Tuesday, December 19, 2006

Marketing 101 - Add Value

Mark Gibbs of Computer World Canada wrote a great editorial called "Unsubscribe me now!" in the Dec 8th issue. The gist of the message is he wanted no unwanted newsletters and more importantly, no newsletters speaking of personal things like exercise schedules etc. He brings up a very valid point on the noise on the net and asking for permission before sending marketing messages.

One of the things I like about blogging is it is voluntary for the reader to read. Most of my readers do not subscribe (but it is easy to do by just scrolling down and putting in your email list). Most just visit it on their own while surfing. So it is not intrusive.

The challenge for marketers is to cut through the noise. To not irritate but still get peoples' attention. This is increasingly the question marketers have to answer - how. In a word, the way to do this is to add value. The following are 5 ways to add value in marketing.

1 - People will read your stuff if it makes them money or saves them money.

2 - They will read it if it inspires them to do something they want to do.

3 - People will read if they can learn something.

4 - Be fast. Yes - this blog is a lot about time management but even without that thrust, people lack time. So be fast.

5 - Add humour or as the Americans say add humor. Laughter adds value.

In short, people will read if they can benefit. They listen to WIIFM - Whats in it for me. So think when you market - what is the benefit for the reader?

Now I better go and subscribe Mark to my blog, he might want to know about my workout tomorrow.


At 10:55 AM, Anonymous Anonymous said...

Mark is missing the human interest element of any good communication. He should read "SOCIAL INTELLIGENCE" by Daniel Goleman because then he'd understand that we are all wired or designed to want to connect with each other... and without that connection, there is a loss of interest or audience engagement.

Seriously Jim, if you didn't insert mentions of your physical fitness pursuits, you'd lose many readers who are personally interested in you and your life specifically. I bet many consider you and this blog a mentor to them. :-)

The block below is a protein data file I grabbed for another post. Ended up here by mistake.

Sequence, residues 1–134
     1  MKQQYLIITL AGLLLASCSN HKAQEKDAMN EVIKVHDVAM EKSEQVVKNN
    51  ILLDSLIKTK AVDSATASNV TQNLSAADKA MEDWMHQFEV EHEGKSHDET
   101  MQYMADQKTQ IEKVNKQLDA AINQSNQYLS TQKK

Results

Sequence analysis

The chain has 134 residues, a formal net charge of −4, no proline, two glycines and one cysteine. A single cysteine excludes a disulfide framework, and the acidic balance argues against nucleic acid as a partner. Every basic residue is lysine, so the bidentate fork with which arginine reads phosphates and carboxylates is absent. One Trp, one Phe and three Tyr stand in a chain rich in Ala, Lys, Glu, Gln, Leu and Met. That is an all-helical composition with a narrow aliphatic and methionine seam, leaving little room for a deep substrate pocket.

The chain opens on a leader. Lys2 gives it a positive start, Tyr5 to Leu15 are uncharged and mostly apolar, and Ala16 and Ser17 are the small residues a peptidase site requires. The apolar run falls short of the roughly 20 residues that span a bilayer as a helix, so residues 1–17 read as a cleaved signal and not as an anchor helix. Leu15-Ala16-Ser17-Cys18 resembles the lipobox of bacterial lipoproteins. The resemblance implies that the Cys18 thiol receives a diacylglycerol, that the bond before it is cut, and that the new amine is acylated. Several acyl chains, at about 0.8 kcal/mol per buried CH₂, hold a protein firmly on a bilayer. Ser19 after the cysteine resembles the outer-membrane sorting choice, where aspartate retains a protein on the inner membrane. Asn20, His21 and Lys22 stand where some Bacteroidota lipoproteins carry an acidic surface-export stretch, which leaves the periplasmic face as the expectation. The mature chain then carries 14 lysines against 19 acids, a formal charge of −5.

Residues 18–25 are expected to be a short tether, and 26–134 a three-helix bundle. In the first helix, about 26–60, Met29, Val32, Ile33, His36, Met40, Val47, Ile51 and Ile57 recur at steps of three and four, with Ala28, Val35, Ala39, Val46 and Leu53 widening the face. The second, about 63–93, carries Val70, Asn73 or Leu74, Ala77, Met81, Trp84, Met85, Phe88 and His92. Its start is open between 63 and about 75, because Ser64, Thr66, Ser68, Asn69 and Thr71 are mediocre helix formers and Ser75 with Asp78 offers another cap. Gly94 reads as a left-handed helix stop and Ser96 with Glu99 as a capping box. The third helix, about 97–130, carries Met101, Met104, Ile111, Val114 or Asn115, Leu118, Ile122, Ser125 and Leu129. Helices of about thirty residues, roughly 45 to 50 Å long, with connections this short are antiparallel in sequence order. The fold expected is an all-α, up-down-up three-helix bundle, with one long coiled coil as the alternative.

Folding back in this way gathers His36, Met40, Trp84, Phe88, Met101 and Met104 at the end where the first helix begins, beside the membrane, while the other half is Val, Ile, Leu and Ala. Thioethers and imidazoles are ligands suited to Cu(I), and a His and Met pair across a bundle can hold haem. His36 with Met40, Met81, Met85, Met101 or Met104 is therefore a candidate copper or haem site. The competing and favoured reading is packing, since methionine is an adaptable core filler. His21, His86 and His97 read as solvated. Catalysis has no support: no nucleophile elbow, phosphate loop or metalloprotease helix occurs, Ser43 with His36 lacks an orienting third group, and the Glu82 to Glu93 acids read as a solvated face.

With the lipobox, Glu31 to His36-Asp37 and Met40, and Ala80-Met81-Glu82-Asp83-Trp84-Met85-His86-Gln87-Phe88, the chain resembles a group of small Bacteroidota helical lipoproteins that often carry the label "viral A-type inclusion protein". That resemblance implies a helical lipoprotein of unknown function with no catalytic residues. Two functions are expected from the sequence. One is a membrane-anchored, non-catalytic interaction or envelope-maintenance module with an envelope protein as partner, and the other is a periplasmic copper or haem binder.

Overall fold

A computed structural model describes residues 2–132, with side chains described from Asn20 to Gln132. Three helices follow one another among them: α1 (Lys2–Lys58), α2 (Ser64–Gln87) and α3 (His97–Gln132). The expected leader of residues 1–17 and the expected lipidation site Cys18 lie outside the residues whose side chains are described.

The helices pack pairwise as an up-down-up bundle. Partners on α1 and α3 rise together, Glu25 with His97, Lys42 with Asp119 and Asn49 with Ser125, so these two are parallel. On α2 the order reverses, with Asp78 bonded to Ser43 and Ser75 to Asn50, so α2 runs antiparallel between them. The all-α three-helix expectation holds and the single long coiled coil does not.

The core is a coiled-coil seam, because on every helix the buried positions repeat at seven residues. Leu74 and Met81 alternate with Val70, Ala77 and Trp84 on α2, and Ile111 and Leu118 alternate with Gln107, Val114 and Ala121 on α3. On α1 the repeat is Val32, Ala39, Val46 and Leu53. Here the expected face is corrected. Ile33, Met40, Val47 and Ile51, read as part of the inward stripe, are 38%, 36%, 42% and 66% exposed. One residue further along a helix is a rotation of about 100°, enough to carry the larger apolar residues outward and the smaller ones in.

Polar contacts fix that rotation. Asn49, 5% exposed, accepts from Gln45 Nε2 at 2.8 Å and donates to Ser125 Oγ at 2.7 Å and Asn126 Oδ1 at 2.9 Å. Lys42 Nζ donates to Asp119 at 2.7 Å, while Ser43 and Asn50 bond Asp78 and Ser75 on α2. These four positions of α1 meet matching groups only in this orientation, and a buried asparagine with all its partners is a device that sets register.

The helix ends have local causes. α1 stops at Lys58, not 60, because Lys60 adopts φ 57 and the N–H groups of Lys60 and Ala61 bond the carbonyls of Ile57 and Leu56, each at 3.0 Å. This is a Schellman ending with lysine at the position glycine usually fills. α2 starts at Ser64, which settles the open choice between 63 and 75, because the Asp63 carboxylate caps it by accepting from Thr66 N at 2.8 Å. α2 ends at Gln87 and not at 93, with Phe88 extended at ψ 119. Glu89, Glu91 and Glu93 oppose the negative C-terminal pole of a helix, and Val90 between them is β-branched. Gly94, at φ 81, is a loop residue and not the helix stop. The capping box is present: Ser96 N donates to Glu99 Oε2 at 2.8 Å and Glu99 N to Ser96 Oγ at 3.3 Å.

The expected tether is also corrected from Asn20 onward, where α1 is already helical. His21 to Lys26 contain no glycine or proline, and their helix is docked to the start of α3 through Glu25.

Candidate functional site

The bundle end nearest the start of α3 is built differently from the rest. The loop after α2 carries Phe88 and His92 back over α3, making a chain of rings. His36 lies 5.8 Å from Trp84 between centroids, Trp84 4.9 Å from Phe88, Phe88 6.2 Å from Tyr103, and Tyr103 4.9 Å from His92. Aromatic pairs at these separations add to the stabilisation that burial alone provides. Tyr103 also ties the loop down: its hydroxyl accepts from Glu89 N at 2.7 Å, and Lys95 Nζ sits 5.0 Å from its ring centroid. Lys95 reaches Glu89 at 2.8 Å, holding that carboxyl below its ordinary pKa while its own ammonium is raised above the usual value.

At 2:43 PM, Anonymous Anonymous said...

Chris I disagree with your statement.

What I think Mark is referring to in his article is the unsolicited emails that many of us receive. Many of us are overwhelmed with telephone solicitations or spam emails which are generally not designed to create a social connections. They are designed to sell me something.

With over 90% of emails today being spam, people are becoming disillusioned (sp?) with this form of communication.

Personally I want to be in control of my social interactions.

Give me the ability to find my information and make my own decision as to whether I want to connect with a company or business.

At 7:32 PM, Blogger S. H. Southern said...

I absolutely agree with your five points on adding value in your marketing. I’m the southern Ontario Franchise Owner with Parmasters Golf Training Centers. We’re B to C, not B to B. And we focus on high leverage direct marketing approaches.

That said, virtually all of our B to C approaches use items 2 through 5 in your list: inspiring, learning, quick and humourous.

I’d also note that we consistently achieve a 10x return on our marketing dollars. (Most people don’t believe me.) If we spend $1, we expect and achieve $10 in the till, first purchase. That “first purchase” piece is critical. It comes back to SMART goals that you’ve mentioned and specifically of course the M and the T: Measurable and Timed. We don’t measure the value of customer/member over the lifetime of the relationship. We seek and achieve 10x measured on first purchase.

Stephen Southern

At 12:27 PM, Anonymous Anonymous said...

Hey Kevin,

Unfortunately, I won't register to read the full article by Mark Gibbs, so therefore I really don't know what Gibbs wrote.

ITWorld Canada is missing the big picture with their silly requirements of forcing users to register to read content.

...but I will agree that permission-based marketing is the ONLY option and that most companies screw this up big time.


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